Rollover devices are a must for quads says ACCC boss

ACCC boss double downs on need for rollover protection on quad bikes

Machinery
FARM WORKHORSE: Quad bikes have become a workhorse on many farms because of their relative affordability and their ability to handle boggy conditions and just about every kind of terrain

FARM WORKHORSE: Quad bikes have become a workhorse on many farms because of their relative affordability and their ability to handle boggy conditions and just about every kind of terrain

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ACCC chairman Rod Sims has used a major speech to reinforce the commission's priority for the mandatory fitting of rollover protection devices on quad bikes.

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The national consumer watchdog has clearly signalled its intentions to push ahead with the mandatory fitting of rollover devices on new quad bikes from this October.

Australian Competition and Consumer Commission chairman Rod Sims has listed the compulsory fitting of operator protection devices (OPDs) on quad bikes among the commission's priorities during this year.

The federal government's decision to accept a recommendation from the ACCC for the mandating of rollover protection on quads has caused a backlash from major overseas manufacturers with a number including Honda and Yamaha announcing their withdrawal from the Australian market.

They have rejected the view that rollover protection devices will reduce deaths and have instead argued the need for much more rider education, the compulsory wearing of safety equipment such as helmets and the banning of children from riding on adult-sized quads.

In his annual address to the Committee for Economic Development Australia (CEDA) Mr Sims said quad bikes had deficiencies in design which caused instability that created problems for even experienced riders.

NO GOING BACK: ACCC chairman Rod Sims has firmly repeated the commission's view that rollover protection is needed on quad bikes in Australia.

NO GOING BACK: ACCC chairman Rod Sims has firmly repeated the commission's view that rollover protection is needed on quad bikes in Australia.

"In 2020, 23 people died in quad bike accidents where deficiency in design leads to instability and creates hazards even for the most experienced operators," Mr Sims said.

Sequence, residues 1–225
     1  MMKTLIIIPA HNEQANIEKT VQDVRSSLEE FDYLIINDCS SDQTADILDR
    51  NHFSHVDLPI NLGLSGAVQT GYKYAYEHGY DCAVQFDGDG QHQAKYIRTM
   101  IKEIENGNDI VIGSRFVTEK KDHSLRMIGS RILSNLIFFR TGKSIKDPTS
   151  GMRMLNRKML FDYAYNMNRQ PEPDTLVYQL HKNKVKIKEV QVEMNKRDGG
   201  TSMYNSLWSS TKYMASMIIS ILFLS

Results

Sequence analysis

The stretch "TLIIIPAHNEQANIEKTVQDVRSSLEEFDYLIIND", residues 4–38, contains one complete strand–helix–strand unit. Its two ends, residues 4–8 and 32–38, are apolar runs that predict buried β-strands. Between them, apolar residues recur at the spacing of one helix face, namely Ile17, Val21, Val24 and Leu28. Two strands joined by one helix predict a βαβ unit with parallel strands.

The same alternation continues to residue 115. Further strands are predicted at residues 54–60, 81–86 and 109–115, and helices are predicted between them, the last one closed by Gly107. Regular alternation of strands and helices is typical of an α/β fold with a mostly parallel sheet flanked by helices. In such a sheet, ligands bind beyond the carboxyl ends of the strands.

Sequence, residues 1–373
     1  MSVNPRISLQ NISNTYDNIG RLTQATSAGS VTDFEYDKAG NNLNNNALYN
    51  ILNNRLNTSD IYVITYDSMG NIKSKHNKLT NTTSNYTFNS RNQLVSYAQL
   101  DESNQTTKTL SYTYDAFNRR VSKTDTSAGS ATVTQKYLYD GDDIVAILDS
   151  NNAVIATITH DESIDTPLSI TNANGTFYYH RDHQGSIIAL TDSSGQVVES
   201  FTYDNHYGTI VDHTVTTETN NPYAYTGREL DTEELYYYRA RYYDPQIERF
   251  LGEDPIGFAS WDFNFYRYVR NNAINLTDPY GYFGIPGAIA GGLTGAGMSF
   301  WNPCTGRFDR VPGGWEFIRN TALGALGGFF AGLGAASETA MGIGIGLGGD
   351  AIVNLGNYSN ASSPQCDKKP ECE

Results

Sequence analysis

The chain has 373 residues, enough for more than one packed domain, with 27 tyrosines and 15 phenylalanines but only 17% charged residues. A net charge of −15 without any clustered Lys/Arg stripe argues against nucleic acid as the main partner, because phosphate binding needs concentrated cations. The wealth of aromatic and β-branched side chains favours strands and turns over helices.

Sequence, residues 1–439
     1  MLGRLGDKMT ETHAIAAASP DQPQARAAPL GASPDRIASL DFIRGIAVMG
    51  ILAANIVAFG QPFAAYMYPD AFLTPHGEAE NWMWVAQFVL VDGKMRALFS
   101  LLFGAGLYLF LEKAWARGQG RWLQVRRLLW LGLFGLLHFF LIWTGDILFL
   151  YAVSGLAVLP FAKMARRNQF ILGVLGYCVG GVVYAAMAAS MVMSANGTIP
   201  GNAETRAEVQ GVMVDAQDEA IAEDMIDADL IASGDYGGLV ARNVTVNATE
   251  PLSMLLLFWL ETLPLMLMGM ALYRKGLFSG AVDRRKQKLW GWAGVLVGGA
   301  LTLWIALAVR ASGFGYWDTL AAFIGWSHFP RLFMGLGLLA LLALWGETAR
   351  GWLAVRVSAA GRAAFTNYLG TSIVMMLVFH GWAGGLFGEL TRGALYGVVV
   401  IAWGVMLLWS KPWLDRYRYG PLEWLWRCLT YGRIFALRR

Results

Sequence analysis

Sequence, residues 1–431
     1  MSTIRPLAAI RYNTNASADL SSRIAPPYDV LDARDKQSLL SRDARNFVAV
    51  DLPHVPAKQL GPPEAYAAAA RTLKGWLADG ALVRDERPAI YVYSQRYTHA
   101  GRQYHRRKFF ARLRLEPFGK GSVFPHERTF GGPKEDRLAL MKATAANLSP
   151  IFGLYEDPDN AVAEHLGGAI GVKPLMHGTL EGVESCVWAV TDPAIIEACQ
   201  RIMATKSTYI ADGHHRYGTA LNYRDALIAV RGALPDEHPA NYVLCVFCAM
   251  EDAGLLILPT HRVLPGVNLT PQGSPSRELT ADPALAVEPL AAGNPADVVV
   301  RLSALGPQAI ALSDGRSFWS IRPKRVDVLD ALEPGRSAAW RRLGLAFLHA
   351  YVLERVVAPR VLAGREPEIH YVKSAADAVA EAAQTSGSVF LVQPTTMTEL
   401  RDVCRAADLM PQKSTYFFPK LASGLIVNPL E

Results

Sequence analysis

"The government's first stage of new mandatory safety standard for quad bikes came into effect from October 11, 2020, and the important second stage will start from October, 2021.

"We are working closely with the States and Territories to conduct surveillance of compliance of Stage 1 obligations.

"As well we are conducting education and outreach activities to prepare suppliers for Stage 2 when obligations to improve safe design by fitting operation protection devices and improving lateral stability commence," Mr Sims said.

From October 11 last year all new and imported second-hand quad bikes sold in Australia have had to be tested for lateral static stability and the angle at which the machine tips onto two wheels and the result displayed on a hang tag at the point of sale.

As well a rollover warning label has to be fixed onto the bikes and rollover information must be included in the owner's manual.

The quad bikes must also be fitted with a spark arrester that conforms to the Australian or US standard and meet certain requirements of the US or European quad bike safety standards.

The ACCC has said most quad bike accidents involve a vehicle rollover which can result in victims dying from injuries associated with being crushed by the quad bike.

From October 11 this year new and second-hand imported general use quad bikes will have to be fitted with an operator protection device (OPD) and meet minimum stability requirements.

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